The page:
Most importantly, I am happy to shed some love and light to families who need it most. The house shown above will be home to a widowed mother and her 3 sons. After the death of her husband and a financial crises, she decided to send her boys to school rather than have adequate shelter- now she can have both.

A special thanks to the American Church of Paris, a beacon on the Seine for many including me in my time here in Paris. Also to the Rotary Clubs in Paris, for helping us in special concert-driven Fundraising for this incredible experience. Thanks to all for your contributions be it physical or through thoughts and prayer. I couldn't have imagined a better team (from all over the world) or leaders (near and far, Teteh!) of which I had the honor to work alongside and spread hope in Portugal. During my time here I found myself imagining my next Habitat site-and whether domestic or abroad-I know this is something I will continue lifelong. If you ever have the opportunity (and with the outreach of Habitat Global Village, I'd like to think we all do!) I highly suggest committing to and enriching your life and others through a Habitat build.  Or, join me on my next one, wherever that may be...

I will close with the Mission Statement of Habitat for Humanity:

Habitat for Humanity works in partnership with God and people everywhere, from all walks of life, to develop communities with people in need by building and renovating houses so that there are decent houses in decent communities in which every person can experience God's love and can live and grow into all the God intends.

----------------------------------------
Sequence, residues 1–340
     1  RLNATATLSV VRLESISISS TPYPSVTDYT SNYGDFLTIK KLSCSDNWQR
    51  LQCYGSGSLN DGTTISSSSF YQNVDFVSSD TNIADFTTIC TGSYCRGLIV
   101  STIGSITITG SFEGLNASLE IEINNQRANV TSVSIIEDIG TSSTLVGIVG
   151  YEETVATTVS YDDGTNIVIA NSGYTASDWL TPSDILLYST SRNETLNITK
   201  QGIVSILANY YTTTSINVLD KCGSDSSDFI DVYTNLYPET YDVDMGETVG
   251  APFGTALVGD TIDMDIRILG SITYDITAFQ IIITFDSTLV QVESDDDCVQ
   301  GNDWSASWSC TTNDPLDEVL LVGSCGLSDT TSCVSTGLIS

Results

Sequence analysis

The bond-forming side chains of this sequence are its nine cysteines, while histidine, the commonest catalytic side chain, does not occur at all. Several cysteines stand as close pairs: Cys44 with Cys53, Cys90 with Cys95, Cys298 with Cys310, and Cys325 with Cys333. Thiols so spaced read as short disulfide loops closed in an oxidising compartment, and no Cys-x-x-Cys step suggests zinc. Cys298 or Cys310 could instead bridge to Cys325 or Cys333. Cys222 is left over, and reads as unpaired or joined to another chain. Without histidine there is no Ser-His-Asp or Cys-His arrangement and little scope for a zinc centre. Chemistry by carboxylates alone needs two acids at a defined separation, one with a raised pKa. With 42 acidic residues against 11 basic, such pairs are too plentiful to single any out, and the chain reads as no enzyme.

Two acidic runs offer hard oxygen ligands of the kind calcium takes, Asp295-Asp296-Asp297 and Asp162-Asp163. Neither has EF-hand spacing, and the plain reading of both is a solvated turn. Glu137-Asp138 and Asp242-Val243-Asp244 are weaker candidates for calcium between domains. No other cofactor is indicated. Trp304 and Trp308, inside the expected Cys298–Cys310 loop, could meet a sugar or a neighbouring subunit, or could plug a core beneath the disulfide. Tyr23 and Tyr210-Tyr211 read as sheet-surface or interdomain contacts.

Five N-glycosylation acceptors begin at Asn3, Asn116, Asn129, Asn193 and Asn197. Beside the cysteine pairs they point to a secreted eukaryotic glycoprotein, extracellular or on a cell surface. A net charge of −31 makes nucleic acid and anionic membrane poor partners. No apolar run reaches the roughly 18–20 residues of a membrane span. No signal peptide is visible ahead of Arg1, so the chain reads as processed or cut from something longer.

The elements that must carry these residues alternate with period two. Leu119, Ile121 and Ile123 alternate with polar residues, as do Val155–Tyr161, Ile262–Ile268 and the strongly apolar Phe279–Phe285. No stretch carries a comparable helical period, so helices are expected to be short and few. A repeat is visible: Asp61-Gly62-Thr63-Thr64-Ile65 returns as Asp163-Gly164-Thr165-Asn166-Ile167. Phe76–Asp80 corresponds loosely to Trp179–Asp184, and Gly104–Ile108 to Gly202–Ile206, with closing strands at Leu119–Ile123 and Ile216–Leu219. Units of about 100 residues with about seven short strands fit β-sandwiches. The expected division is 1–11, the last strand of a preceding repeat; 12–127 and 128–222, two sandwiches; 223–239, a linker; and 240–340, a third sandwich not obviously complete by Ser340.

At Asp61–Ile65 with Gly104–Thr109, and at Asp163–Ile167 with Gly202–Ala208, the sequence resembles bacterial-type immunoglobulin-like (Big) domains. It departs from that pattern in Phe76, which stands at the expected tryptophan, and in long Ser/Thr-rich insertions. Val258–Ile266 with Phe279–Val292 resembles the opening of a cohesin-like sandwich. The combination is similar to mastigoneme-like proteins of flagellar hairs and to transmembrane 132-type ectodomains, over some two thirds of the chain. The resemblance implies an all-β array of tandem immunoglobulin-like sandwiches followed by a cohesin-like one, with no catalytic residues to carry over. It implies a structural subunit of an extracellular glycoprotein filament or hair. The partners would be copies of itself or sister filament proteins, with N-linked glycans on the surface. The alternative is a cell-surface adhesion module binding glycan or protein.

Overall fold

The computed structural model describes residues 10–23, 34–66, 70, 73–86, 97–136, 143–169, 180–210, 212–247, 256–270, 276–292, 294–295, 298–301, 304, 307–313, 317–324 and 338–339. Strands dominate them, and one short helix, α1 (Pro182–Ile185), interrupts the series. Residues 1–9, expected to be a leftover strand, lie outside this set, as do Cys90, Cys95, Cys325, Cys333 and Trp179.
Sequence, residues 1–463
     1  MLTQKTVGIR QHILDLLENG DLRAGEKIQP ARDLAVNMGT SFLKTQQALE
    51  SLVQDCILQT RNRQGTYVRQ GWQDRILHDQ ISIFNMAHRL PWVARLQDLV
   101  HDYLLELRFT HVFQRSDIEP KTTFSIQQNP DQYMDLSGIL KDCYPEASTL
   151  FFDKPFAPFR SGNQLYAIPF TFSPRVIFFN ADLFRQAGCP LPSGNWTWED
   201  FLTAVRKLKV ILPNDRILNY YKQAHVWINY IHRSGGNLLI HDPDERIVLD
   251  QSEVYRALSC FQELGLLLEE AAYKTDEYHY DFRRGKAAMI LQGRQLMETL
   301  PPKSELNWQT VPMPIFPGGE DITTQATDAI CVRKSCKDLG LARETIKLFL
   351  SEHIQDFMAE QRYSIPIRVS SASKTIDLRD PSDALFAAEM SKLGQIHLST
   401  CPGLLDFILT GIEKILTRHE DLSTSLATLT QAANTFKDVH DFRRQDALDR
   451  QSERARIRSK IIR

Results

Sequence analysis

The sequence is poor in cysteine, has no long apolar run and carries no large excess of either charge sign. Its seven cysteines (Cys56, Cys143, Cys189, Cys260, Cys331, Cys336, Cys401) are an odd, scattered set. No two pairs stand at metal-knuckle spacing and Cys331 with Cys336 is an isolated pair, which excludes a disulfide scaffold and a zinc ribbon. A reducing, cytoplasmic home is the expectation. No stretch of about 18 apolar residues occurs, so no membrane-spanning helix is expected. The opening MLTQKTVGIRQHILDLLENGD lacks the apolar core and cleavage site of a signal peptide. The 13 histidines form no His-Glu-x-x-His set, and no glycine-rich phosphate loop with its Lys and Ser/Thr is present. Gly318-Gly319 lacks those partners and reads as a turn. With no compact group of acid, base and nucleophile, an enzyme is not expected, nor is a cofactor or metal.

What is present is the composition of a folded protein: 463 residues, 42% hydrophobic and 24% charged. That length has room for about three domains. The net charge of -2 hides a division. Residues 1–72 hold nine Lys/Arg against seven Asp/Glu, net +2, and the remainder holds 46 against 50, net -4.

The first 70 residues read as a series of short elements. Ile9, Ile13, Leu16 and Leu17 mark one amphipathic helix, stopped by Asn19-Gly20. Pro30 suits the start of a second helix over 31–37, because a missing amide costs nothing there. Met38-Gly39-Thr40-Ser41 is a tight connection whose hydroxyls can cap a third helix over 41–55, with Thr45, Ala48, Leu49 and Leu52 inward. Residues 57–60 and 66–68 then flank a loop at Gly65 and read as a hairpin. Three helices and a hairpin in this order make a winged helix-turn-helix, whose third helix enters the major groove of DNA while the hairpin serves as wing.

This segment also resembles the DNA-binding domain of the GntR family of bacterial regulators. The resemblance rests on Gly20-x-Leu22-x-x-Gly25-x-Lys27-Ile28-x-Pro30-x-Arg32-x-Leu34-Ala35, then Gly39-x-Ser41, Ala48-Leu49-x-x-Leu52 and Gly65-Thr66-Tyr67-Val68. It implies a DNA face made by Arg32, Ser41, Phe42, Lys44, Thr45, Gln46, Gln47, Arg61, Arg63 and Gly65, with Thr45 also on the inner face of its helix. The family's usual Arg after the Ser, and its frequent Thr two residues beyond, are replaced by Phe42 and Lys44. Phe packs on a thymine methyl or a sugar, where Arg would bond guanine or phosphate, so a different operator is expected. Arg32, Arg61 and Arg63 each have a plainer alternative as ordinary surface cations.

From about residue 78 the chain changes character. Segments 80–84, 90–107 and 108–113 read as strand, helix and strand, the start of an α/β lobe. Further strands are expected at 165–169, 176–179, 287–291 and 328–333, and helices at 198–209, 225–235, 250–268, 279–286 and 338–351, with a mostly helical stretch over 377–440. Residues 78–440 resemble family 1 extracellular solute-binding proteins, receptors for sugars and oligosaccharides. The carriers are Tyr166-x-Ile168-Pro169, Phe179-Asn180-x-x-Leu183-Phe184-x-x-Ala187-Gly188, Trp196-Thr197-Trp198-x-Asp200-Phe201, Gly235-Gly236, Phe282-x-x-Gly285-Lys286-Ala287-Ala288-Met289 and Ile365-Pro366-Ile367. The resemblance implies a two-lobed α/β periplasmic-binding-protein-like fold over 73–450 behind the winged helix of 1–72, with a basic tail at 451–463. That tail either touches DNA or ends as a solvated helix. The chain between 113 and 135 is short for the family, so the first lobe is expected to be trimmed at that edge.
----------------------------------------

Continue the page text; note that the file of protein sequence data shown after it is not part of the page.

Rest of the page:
Friday, May 17, 2013

Rotaract in Tunisia

What a fabulous two weeks of living-up the infamous French educational system (and it's 2 week breaks before finals!)

Many events, travels, and adventures comprise this break-for-the-(non)books and future blogs will continue to retrace my steps. 

The first weekend I traveled with my Rotaract Club (St. Cloud) for an exchange with another Rotaract club located in Monastir, Tunisia. I couldn't have been more excited about my first visit to North Africa, a place close to the French in history and culture.  This country, her people, and (again) the international connection brought about through Rotary/Rotaract, captured my heart. Highlights include visiting an Orphanage, La voix D'enfant in Monastir, and being again in a welcoming Muslim country, hearing the calls to prayer, and learning much about their beautiful, peaceful, and storied history.


Inspired from  my experiences, I returned to Paris and created this video compiling some of the many photos and videos from the weekend: 

video
OR SEE IT ON YOUTUBE HERE : 

Tuesday, April 16, 2013

10K au Profite de Habitat de Humanisme

Sunday, my roommate, dear friend and fellow Rotary Ambassadorial Scholar, Allysan, and I ran a 10K, sponsored by the Rotary Club of Concord with proceeds benefiting Habitat for Humanity. With my upcoming trip to Portugal as a member of a Habitat team and recent participation in the semi-Marathon de Paris- it was an ideal occasion to participate. Plus, spring has FINALLY sprung in Paris, and Sunday was one of the most beautiful (20 degree Celsius and sunny) days I have had in my time here!

Ally and me after the race 


With both of us finishing under an hour... I think this spring weather has energized us in seen and unseen ways!

Waldrops in France- Spring 2013 Edition

What a blur of the past two weeks! I have been very fortunate to welcome my family to Paris--yet again--but this time with even more members! Nine Waldrops, age range from 6-90 *(YES, my grandfather is almost 91 and just traveled internationally to see me!) all joined forces in Paris for an unforgettable family vacation and reunion.

Aside from the must-see's in Paris, we experienced a beautiful Easter Sunday, all-together at the American Church of Paris. Plus, we enjoyed a magical trip to Bourgogne (Burgandy). Easter has always been a favorite family holiday and time, and I am forever thankful I got to spend it with my family again this year.